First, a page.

The newly appointed Chancellor, Kwasi Kwarteng, announced a ‘mini budget’ on 23rd September 2022 under Liz Truss’ new Government. The mini budget was announced to set out the Governments key policies to help tackle the higher energy costs and inflation. Below we will be setting out details of the changes, which have been dubbed as the biggest package of tax cuts since 1972.
National Insurance rates for employees and employers increased by 1.25% in July 2022, as announced by the previous Chancellor, Rishi Sunak. This increase will now be reversed from November 2022. There are also no longer any plans for the new Health and Social Care levy. This cut is expected to save employees on average salaries around £330 per tax year, whilst benefitting top earners by around £1,800 per tax year. Businesses will also save money on employers National Insurance, and this is expected to be almost £10,000 per tax year for 920,000 businesses operating in the UK.
Basic rate income tax was expected to decrease from 20% to 19% in 2024, this cut has now been brought forward to April 2023.
It was also announced that there would be a single higher rate of 40% tax rather than the current 40% and 45%. This tax cut was withdrawn on 3rd October 2022, so additional rate taxpayers will continue to pay 45% on some of their earnings.
In the previous spring statement, it was announced that dividend tax will rise by 1.25% across all tax bands, this came into effect from 06 April 2022. This decision will be reversed from 06 April 2023 and dividends will revert to being taxed at their prior rates, which can be found below. The tax-free allowance of £2,000 per tax year will remain unchanged.
Therefore, company directors who have control over when a dividend is voted may want to delay paying a dividend until 06 April 2023 for tax savings.
Corporation Tax was expected to rise from 19% to 25% in April 2023, however this has also been withdrawn and the rate of Corporation Tax will remain at 19%.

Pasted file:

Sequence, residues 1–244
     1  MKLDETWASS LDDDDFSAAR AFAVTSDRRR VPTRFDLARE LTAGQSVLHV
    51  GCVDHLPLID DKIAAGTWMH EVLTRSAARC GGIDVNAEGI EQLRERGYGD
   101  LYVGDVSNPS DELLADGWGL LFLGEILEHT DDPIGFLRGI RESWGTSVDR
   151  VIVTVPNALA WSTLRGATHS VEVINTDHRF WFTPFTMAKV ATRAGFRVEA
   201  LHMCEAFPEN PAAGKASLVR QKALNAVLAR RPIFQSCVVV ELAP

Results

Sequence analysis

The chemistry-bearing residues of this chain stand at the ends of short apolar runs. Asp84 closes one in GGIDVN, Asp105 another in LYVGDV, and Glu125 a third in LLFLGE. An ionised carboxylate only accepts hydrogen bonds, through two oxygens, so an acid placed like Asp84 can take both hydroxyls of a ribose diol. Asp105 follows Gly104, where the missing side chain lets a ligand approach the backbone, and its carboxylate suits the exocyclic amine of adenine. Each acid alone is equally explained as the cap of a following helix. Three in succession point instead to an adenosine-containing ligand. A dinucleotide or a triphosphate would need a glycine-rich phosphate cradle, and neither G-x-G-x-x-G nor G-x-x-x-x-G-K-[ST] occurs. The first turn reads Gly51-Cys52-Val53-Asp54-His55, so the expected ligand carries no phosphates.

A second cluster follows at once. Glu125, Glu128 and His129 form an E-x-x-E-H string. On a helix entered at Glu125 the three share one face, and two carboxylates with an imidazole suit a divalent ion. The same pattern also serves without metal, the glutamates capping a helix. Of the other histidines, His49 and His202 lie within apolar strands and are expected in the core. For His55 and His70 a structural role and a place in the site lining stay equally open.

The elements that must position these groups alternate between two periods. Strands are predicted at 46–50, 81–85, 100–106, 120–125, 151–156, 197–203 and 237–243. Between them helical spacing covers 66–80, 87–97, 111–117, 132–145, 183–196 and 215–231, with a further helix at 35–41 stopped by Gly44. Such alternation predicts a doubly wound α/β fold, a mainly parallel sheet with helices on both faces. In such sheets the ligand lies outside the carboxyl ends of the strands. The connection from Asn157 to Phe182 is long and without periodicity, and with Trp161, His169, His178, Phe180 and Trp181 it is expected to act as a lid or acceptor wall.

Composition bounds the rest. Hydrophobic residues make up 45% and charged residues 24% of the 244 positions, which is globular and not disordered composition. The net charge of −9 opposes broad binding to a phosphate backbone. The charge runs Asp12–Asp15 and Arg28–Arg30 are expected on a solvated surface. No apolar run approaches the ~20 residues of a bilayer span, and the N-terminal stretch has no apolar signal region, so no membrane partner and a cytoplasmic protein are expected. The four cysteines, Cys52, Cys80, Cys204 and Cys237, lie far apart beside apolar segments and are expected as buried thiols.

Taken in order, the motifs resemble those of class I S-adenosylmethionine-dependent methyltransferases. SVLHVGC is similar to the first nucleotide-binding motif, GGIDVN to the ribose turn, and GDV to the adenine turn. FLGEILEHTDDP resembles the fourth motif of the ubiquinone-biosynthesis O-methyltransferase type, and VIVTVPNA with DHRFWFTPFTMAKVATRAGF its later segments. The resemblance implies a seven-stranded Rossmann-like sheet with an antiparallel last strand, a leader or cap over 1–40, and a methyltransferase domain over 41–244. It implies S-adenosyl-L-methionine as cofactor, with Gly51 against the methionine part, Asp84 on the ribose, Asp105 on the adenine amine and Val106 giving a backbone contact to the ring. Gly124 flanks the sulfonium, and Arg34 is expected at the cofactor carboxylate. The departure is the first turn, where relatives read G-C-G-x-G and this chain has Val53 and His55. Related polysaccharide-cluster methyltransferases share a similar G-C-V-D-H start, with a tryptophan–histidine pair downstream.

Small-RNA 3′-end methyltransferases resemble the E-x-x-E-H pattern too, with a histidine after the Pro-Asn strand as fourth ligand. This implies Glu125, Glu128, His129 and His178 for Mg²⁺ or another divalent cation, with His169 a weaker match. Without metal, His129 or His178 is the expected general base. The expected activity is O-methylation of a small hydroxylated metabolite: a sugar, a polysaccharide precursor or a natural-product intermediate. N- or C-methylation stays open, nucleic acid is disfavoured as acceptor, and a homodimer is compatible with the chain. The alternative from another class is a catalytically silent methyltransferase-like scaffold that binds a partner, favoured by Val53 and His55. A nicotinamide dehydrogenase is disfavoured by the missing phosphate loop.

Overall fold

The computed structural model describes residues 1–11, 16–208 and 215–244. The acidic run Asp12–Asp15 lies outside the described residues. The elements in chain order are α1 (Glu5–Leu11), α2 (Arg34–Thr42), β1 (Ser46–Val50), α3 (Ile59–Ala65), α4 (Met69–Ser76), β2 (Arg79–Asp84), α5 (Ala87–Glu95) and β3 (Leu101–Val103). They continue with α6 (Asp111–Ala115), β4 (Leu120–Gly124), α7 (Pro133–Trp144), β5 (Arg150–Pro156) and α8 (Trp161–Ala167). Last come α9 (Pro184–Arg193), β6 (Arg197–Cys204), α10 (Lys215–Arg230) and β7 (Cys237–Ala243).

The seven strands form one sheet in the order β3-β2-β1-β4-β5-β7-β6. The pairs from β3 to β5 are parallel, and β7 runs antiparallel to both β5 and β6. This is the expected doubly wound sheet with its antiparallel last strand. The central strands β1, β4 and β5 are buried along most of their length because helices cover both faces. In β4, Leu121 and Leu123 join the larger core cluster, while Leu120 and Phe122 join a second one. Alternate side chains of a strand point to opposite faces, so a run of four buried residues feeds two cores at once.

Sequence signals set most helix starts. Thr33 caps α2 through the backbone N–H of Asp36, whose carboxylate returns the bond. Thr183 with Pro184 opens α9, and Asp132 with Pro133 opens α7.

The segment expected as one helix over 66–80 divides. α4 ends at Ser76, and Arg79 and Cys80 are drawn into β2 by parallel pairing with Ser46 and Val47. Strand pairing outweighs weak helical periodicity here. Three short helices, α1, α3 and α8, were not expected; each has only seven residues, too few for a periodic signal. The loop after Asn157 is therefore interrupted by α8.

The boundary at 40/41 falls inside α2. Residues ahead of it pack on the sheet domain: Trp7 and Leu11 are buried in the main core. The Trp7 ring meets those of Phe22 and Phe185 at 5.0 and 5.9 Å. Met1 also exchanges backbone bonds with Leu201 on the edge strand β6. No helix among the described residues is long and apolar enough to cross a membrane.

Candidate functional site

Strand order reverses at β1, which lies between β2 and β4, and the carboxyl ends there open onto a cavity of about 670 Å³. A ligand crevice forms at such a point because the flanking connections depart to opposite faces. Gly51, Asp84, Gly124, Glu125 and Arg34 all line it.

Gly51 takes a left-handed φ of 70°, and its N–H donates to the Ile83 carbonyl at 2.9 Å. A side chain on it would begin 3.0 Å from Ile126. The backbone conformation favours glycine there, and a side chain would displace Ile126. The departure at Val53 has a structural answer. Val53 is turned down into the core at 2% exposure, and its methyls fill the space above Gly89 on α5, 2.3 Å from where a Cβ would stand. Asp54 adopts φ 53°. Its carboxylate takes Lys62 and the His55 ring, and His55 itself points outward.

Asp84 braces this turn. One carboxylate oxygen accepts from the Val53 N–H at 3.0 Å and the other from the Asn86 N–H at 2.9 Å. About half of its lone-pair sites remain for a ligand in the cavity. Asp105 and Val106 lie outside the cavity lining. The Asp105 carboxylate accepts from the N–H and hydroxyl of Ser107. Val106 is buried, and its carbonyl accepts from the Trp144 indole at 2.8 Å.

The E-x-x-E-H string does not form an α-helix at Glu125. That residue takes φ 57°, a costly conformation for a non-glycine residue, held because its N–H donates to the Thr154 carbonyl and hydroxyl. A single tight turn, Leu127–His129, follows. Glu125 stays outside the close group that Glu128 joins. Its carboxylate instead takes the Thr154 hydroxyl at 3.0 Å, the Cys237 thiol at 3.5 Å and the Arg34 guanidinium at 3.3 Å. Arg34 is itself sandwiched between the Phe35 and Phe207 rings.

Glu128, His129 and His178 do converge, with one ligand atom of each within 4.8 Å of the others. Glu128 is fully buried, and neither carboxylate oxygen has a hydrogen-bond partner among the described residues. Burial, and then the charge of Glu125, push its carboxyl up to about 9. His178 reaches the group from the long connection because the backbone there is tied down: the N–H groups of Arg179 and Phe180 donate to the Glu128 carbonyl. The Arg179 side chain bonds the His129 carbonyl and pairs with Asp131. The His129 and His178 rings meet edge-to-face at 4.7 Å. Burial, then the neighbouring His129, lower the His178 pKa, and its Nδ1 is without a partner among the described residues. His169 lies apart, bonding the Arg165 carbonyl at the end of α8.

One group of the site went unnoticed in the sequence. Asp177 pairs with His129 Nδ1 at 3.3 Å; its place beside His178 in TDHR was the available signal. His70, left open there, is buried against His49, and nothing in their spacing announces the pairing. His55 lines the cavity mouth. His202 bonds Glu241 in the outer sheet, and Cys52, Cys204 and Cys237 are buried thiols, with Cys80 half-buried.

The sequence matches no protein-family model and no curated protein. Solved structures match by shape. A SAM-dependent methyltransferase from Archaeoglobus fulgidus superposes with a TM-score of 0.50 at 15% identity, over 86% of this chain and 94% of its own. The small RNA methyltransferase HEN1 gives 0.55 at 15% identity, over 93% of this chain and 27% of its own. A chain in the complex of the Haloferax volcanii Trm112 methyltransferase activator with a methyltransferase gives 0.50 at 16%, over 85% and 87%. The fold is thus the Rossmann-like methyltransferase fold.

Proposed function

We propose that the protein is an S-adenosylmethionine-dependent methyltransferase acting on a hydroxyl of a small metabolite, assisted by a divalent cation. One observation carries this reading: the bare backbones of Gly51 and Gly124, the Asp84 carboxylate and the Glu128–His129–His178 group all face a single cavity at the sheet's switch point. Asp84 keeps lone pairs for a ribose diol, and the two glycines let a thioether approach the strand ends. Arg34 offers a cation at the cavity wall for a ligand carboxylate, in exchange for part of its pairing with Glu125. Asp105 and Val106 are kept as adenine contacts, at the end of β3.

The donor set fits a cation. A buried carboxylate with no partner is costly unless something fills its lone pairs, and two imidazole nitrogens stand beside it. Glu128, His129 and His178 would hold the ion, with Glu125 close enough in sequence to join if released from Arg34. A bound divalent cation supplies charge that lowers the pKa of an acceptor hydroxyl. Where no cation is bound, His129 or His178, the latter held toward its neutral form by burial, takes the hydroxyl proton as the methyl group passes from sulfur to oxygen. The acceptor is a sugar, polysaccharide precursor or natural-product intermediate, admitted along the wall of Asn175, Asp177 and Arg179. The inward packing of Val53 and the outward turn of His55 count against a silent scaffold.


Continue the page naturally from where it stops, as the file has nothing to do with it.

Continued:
Annual Investment Allowance (AIA)
AIA on qualifying plant and machinery will now permanently be set at £1,000,000. It was due to revert to £200,000 from 01 April 2023.
Stamp Duty Land Tax (SDLT)
There have also been increases to the SDLT thresholds. Previously buyers only paid SDLT on the portion of the property’s value over £125,000, this has now been increased to £250,000.
Whilst for first time buyers the rates on which SDLT is paid has also been increased to £425,000 from £300,000.
Seed Enterprise Investment Schemes (SEIS)
The SEIS scheme offers tax relief to qualifying investors and helps the company being invested in to grow.
From April 2023, investors will be able to invest up to £200,000 into a qualifying company, currently the maximum investment is £100,000.
Companies are currently allowed to receive a maximum of £150,000 through SEIS schemes, but this will now be increased to £250,000 from April 2023. The gross asset limit has also been increased from April 2023 to £350,000, allowing more companies to have an opportunity to take part in the scheme.
The Government have now made a U-turn on the IR35 legislation which was introduced in 2017 and 2021. From April 2023, the end user of personal service companies will no longer be responsible for assessing whether the contractor should be taxed as an employee, this onus will now be on the personal service company providing the service. This could mean that we will see more limited companies and less employees.
VAT (Value Added Tax)
For overseas visitors, there will be a digital VAT-free shopping scheme introduced. It has not yet been announced how this will need to be recorded or reported.
In conclusion, there have been some advantageous changes announced by The Chancellor in the mini budget and the main changes for you to be aware of are outlined above. Whilst the finer details have not yet been released by The Chancellor, our experienced team at Johnston Wood Roach Limited will be able and happy to assist you with any concerns you may have with the changes.